Take eleven-year-old Timmy Failure -- the clueless, comically self-confident CEO of the best detective agency in town, perhaps even the nation. Add his impressively lazy business partner, a very large polar bear named Total. Throw in the Failuremobile -- Timmy's mom's Segway -- and what you have is Total Failure, Inc., a global enterprise destined to make Timmy so rich his mother won't have to stress out about the bills anymore.

Of course, Timmy's plan does not include the four-foot-tall female whose name shall not be uttered. And it doesn't include Rollo Tookus, who is so obsessed with getting into "Stanfurd" that he can't carry out a no-brainer spy mission.

From the offbeat creator of Pearls Before Swine comes an endearingly bumbling hero in a caper whose peerless hilarity is accompanied by a whodunit twist. With perfectly paced visual humor, Stephan Pastis gets you snorting with laughter, then slyly carries the joke a beat further -- or sweetens it with an unexpected poignant moment -- making this a comics-inspired story (the first in a new series) that truly stands apart from the pack.

Cynsational Notes

Attention Central Texans! Stephan Pastis will launch Timmy Failure: Mistakes Were Made at 7 p.m. Feb. 26 at BookPeople in Austin. Note: there will be cake.

Check out the book trailer for Timmy Failure: Mistakes Were Made by Stephan Pastis (Candlewick, 2013)(sample chapter)(activity kit).


Cynsational Giveaway

a Rafflecopter giveaway


Tuesday, February 05, 2013

New Voice: Miriam Forster on City of a Thousand Dolls

By Cynthia Leitich Smith
for Cynsations

Miriam Forster is the first-time author of City of a Thousand Dolls (HarperTeen, 2013)(Pinterest inspiration board). From the promotional copy:

Nisha was abandoned at the gates of the City of a Thousand Dolls when she was just a child. Now sixteen, she lives on the grounds of the isolated estate, where orphan girls apprentice as musicians, healers, courtesans, and, if the rumors are true, assassins. 

Nisha makes her way as Matron’s assistant, her closest companions the mysterious cats that trail her shadow.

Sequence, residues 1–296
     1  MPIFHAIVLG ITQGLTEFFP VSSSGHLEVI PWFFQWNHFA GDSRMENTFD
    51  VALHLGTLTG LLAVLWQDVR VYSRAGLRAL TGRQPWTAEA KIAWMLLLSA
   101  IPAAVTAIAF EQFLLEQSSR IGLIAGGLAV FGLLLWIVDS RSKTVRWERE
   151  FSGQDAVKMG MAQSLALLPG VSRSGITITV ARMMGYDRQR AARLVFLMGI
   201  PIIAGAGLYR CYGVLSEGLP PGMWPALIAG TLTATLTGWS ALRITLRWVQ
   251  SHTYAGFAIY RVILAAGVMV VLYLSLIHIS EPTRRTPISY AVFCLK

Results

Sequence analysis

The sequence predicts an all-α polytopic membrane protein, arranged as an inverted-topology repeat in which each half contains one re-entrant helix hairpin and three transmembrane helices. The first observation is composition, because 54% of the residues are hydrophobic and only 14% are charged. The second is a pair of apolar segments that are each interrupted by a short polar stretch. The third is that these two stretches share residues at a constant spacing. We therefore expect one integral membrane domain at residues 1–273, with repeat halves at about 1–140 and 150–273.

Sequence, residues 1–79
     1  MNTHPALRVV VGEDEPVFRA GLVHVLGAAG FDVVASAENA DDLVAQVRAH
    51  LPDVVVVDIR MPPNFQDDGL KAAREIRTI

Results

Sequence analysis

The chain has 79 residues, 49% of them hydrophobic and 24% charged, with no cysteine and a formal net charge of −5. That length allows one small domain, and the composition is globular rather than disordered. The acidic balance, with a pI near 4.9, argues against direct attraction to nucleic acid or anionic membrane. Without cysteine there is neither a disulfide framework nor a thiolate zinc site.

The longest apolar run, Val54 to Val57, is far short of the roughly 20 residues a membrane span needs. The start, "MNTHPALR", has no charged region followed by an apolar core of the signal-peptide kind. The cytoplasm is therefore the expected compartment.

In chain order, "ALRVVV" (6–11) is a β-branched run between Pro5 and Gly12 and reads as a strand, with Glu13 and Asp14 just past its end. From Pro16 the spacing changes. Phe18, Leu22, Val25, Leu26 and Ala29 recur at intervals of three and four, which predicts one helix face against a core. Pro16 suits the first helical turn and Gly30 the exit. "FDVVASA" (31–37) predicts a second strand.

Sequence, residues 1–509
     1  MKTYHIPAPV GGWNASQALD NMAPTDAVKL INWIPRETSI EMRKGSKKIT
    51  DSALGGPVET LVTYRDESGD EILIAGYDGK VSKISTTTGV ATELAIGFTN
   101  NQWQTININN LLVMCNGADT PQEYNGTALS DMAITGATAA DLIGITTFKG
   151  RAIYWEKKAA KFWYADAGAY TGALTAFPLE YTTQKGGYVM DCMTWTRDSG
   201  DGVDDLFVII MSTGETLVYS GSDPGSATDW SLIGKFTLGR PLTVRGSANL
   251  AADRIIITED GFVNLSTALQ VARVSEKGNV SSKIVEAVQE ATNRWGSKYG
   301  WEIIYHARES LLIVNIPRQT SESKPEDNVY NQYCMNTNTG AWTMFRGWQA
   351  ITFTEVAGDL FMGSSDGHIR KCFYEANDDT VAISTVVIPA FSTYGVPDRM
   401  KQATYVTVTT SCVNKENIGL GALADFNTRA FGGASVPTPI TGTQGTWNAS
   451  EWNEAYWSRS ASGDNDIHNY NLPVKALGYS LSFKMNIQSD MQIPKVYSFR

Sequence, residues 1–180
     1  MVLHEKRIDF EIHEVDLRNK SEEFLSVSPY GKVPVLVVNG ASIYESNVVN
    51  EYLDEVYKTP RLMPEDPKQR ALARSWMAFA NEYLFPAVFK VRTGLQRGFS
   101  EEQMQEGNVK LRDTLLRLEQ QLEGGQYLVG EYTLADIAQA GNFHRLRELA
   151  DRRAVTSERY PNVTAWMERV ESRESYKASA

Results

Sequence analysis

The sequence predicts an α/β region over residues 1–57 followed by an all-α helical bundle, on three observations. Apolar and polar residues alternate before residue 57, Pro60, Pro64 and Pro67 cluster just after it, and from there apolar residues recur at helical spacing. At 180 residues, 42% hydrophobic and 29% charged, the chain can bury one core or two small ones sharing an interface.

Only when she begins a forbidden flirtation with the city’s handsome young courier does she let herself imagine a life outside the walls. Until one by one, girls around her start to die.

Before she becomes the next victim, Nisha decides to uncover the secrets that surround the girls’ deaths. But by getting involved, Nisha jeopardizes not only her own future in the City of a Thousand Dolls—but her own life.

How did you discover and get to know your protagonist? How about your secondary characters? Your antagonist?

Nisha came about after I had the original idea for City of a Thousand Dolls. I had imagined this place where girls would be trained in all kinds of different things, where everyone had a place and a purpose. Then I asked myself what would happen if you had someone in this place who didn't have much of a purpose or place at all. What kind of person would they become?

Originally Nisha was much too passive. She reacted a lot instead of taking initiative. I had to make her more proactive without losing the emotional vulnerability and honest human frailty that I felt was so key to her character. It was a hard balance for me to find, but it was important to me that she not be "strong" in the traditional female fantasy heroine way. I wanted her to make mistakes and stumble around and need help sometimes because we all do.

There is immense strength in not giving up, there is strength in fixing your mistakes and accepting your past. And that strength isn't related to whether or not you can kick ass.

With Kona AKA "Sneaky Weasel Cat"
Also, sometimes character development can sneak up on you. The original ending was riddled with problems and I had to rewrite it quite a bit, but one thing that it had was a scene where Nisha does the classic, detective-analyzes-the-clues bit, and figures out the killer. But in the rewritten ending, she ends up more stumbling into the solution than anything else. I didn’t do that on purpose, in fact I didn’t even realize I’d done it until people started commenting on it. But I think it fits with who Nisha is in the book. She doesn’t fix things by being smarter or better than anyone else. She fixes them by refusing to give up until she does.

And then there are the cats. My favorite comment about the book so far is that it can turn anyone into a cat person. I’ve heard that quite a bit, and it makes me happy.

Cats are in my blood. I grew up with them, there were always at least two or three around when I was a kid. As much as I like dogs, there’s something about cats that just appeals to me. I like their independence, and how they ask for what they want. How they can go from cuddly and affectionate to ferocious hunters in the blink of an eye. They seemed like the perfect companions for Nisha, who is also independent and determined, and far fiercer than she realizes.